Netflix's The Knight Before Christmas is a perfectly charming holiday rom-com, with plenty of time-travel hijinks and a valiant effort from its stars.
With Lifetime and Hallmark previously cornering the landscape of made-for-TV holiday romantic comedies, Netflix has made an effort in recent years to join in. Thanks to successes like The Christmas Prince (which launched its own franchise of royal-themed holiday movies), Netflix has become more of a destination for fans of the holiday rom-com genre - though whether its films are of the same quality as either Lifetime or Hallmark is debatable. Its latest entry in this niche genre is The Knight Before Christmas, telling the story of a time traveling knight who finds love after being transported to modern day. Netflix's The Knight Before Christmas is a perfectly charming holiday rom-com, with plenty of time-travel hijinks and a valiant effort from its stars.
The story of The Knight Before Christmas begins in 1334 England, where Sir Cole Christopher Frederick Lyons (Josh Whitehouse) is searching for a quest that will make him a true knight when he stumbles upon an old crone who transports him to 2019 Ohio. With just a few days until Christmas, the old crone tells Cole he must fulfill his quest before midnight on Christmas Eve or he'll be stuck in the future. Cole runs across schoolteacher Brooke Winters (Vanessa Hudgens), who's disillusioned in love after being cheated on by her ex-boyfriend. Though she's unconvinced by Cole's story that he's a 14th Century knight, she endeavors to give him a place to live and help him in his quest. Along the way, Cole and Brooke grow closer and develop feelings for one another, but it remains to be seen if their fledgling romance can survive their strange circumstances.
The Knight Before Christmas was written by Cara J. Russell and directed by Monika Mitchell, both of whom have experience in direct-to-TV holiday fare. The former wrote the short My Christmas Grandpa for Lifetime and the latter helmed both Lifetime and Hallmark Christmas movies (The Christmas Contract and Christmas Joy). As such, The Knight Before Christmas feels right at home in the incredibly niche and charmingly schmaltzy rom-com genre that's reached new heights of popularity in recent years. Certainly, the incorporation of a time traveling knight is a little outside the box for holiday rom-coms (though not within the romance genre as a whole), which typically stay rooted firmly in realism. But Russell's script waves a magic wand and doesn't get into the difficult details of how a 14th Century knight would acclimate to modern times so easily. Instead, Sir Cole's fish-out-of-water situation is played largely for laughs, and to give Brooke a gallant love interest.
Thankfully Hudgens is enough of a star to make the dynamic work and sell the not-so-satisfying answers the film gives about time travel. Hudgens is becoming one of Netflix's regular stars, with The Knight Before Christmas being her second holiday rom-com after 2018's The Princess Switch (which is getting a sequel in 2020). Whitehouse, too, works especially well as the charmingly confounded Sir Cole, though the knight's personality tends to be tailored to the scene rather than the character being a well-developed player in the story. Still, Hudgens and Whitehouse bring a sweet vulnerability to their characters, and they have enough chemistry together that viewers will be endeared by their romantic journey. The supporting players of The Knight Before Christmas don't get much to do - though Emmanuelle Chriqui has a fun camaraderie with Hudgens as Brooke's sister Madison - but that's fairly typical of holiday rom-coms like this. To be sure, this is Hudgens and Whitehouse's movie and they have a cute romance amid the time travel antics and holiday preparations.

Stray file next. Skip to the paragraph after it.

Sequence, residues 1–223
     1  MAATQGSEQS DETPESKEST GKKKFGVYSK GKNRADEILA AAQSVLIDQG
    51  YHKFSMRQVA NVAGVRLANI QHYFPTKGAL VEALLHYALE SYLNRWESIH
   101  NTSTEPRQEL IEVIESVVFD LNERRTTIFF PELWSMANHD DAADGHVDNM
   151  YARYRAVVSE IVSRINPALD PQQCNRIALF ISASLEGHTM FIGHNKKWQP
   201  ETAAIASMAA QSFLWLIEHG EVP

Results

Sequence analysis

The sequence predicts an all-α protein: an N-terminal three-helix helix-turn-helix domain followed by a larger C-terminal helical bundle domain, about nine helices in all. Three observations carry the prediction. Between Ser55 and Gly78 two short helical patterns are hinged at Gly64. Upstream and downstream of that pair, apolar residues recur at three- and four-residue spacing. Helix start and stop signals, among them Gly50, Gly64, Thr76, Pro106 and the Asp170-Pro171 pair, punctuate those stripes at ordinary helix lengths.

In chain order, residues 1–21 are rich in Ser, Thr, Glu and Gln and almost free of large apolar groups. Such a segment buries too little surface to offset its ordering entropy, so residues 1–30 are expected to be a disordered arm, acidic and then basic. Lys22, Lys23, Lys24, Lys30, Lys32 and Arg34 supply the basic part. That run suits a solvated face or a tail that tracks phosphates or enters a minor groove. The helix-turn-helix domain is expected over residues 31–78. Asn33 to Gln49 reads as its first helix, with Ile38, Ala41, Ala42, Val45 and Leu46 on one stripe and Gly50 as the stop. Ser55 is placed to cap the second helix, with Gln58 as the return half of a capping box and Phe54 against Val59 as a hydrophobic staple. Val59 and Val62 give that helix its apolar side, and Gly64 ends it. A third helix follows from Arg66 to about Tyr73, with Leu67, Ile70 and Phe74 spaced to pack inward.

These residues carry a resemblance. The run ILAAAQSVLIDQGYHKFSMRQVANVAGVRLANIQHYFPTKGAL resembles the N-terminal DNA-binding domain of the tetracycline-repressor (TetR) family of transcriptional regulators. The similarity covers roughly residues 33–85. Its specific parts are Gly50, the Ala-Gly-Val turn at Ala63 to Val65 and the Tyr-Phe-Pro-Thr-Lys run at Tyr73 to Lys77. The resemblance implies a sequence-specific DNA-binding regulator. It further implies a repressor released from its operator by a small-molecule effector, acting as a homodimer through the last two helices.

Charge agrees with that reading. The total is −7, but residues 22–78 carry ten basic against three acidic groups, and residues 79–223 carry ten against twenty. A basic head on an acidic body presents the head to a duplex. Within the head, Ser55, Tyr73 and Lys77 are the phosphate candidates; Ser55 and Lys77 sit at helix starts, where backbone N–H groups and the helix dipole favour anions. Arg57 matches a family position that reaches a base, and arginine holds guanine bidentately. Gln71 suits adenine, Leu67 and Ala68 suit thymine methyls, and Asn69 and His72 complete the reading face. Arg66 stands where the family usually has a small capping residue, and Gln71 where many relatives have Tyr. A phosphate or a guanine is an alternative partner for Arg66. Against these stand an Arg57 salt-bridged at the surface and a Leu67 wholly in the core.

Sure, The Knight Before Christmas doesn't make much sense as far as movie plots go. Russell's script tends to be a little heavy-handed with the trite messages about love and faith during the holidays as a way to avoid diving too in depth into what exactly Cole's quest is, why he was brought to the future and how exactly Cole and Brooke's relationship could ever survive their monumentally different life experiences. But holiday rom-coms should have a certain amount of cheesiness to them, and The Knight Before Christmas delivers plenty of dependably charming romance tropes. So long as viewers haven't already gotten a cavity from holiday treats (or other sugary sweet rom-coms), The Knight Before Christmas is sure to satisfy fans of the genre.
As such, The Knight Before Christmas is worth checking out for fans of romance, especially the specific kind of holiday rom-com that has become so popular in recent years. Being on Netflix, The Knight Before Christmas is an easily enjoyable watch with friends and family or alone on the couch. And with clear sequel setup, Netflix seems confident The Knight Before Christmas will capture the hearts of viewers in the same way as The Christmas Prince - though the streamer might've been a bit too hasty in that. Even if The Knight Before Christmas never quite rises to the highest ranks among the (many) other holiday rom-coms, it's a noble effort from Netflix and should provide some fine holiday fun.
The Knight Before Christmas is now streaming on Netflix. It is 92 minutes long and rated TV-PG.
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